Every government reshuffle starts with the media’s favourite game: musical chairs! Who’s leaving? Who’s staying? What are the forces at play? Which courtisans are still in favour, which are not in the good books anymore?
The last reshuffle of François Hollande’s first term is no exception. These past few days, a selection of castings —from the most eccentric to the most plausible— have found their way in newspapers’ pages. And after what felt like an interminable suspense, the Élysée Palace has released a communiqué listing the names of the new members of the Olympus, a government «rooted in experience, strength [and] renewal», according to Manuel Valls.
To the left, to the left!
The (not so sudden) resignation of Christiane Taubira left a huge vacuum in the executive team, more and more accused of veering towards the right. To counter this, François Hollande cast a wide net and brought in a left radical and three ecologists. Jean-Michel Baylet, replace Maryliste Lebranchu at the Ministry of Public Administration and Decentralization. Former Secretary General of EELV Emmanuelle Cosse landed the Ministry of Housing, snatched from the hands of Sylvia Pinel. On a funny note, Pinel‘s predecessor is none other than Cécile Duflot — the Secretary General of EELV before Emmanuelle Cosse. Duflot was staunchly against the presence of any ecologist in the government. EELV dropouts Jean-Vincent Placé and Barbara Pompili both become Secretaries of State.
If this isn’t a sign that Hollande is very much thinking of his reelection…
Jean-Marc Ayrault, the return of the rejected son
The Ecologists are not the only ones to be back. Longtime friend of François Hollande Jean-Marc Ayrault, the former Prime Minister, is back as well. But in his own terms, apparently. No direct contact with the man who wronged him, by accepting the Ministry of Foreign Affairs, Ayrault will answer directly to the president.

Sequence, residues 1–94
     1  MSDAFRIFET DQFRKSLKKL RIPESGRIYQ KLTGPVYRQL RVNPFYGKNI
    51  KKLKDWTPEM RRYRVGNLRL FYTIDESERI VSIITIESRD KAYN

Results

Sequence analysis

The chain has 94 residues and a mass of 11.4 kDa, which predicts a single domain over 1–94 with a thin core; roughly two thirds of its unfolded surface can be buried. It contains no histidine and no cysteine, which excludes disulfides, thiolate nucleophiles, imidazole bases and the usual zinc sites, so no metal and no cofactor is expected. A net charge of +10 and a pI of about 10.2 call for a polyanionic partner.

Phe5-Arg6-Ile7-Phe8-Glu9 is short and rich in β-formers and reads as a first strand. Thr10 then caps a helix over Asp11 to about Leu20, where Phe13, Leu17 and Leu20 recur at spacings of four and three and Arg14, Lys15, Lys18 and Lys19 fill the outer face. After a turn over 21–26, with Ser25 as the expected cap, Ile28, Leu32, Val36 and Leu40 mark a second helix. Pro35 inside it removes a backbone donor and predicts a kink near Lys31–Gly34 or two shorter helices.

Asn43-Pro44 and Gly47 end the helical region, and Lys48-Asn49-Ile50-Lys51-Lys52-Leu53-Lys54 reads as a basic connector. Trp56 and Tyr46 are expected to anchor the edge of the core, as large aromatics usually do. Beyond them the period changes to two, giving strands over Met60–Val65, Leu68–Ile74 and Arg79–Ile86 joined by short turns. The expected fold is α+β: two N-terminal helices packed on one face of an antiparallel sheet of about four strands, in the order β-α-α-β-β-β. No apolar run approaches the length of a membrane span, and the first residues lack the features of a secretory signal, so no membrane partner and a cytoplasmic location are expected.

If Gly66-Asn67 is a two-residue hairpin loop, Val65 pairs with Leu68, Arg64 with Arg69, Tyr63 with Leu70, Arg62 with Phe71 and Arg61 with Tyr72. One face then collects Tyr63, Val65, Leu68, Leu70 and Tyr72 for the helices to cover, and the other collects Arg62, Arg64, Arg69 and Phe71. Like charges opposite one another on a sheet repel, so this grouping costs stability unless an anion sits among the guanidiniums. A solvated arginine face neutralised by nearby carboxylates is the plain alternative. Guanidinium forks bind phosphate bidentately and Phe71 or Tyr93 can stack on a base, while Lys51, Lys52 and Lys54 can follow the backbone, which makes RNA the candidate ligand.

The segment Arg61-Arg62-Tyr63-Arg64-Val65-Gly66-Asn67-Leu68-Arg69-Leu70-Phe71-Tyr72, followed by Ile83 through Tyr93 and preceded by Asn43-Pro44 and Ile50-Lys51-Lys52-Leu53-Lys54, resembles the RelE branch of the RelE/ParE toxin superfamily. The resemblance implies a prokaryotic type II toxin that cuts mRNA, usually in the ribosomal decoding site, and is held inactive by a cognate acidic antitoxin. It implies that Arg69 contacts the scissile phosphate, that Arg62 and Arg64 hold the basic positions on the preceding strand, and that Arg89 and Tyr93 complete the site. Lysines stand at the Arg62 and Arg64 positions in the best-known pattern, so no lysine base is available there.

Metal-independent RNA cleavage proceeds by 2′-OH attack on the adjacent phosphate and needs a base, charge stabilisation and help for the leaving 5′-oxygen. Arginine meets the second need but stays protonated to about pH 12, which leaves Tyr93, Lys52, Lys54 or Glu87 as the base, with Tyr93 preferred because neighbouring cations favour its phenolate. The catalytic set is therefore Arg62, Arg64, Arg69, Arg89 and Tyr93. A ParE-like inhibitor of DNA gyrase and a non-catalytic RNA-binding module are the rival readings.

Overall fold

The sacrificed one
No government reshuffle happens without an unexpected, symbolical murder. This time, it came upon Fleur Pellerin. Promoted Minister of Culture in 2014 after Aurélie Fillipetti‘s departure to join the ranks of the « recalcitrants » of the left, Pellerin was brutally and quite inelegantly unplugged to make room for Hollande‘s Cultural Counselor Audrey Azoulay. According to weekly magazine L’Obs, the president’s partner, Julie Gayet, was not a fan of the former minister. Valls‘s support couldn’t save her.
He was said to be on the go, on the verge of a burnout, ready to throw out everything and leave the circles of power for good. And yet, he’s still here. Despite the moody temper he displayed recently, and his less than warm relations with farmers, Stéphane Le Foll remains Minister of Agriculture and the spokesperson of the government.
Another minister in turmoil, Marisol Touraine, fought relentlessly by GPs, remains at the helm of the Ministry of Health.
And the exception of the government, Jean-Yves Le Drian, the new president of the Brittany region, will remain Minister of Defense.
The reshuffle makes the government bigger
To hell with the idea of spending less, of having a small, efficient team to do the work, the latest government reshuffle indulged in a bit of gourmandise and got bigger. As 2017 draws near —and promises to be a tough fight—, the executive felt the need to placate so many « allies » that it even made up ministries with funny names, such as the Ministry of State of Real equality or of Victims aid.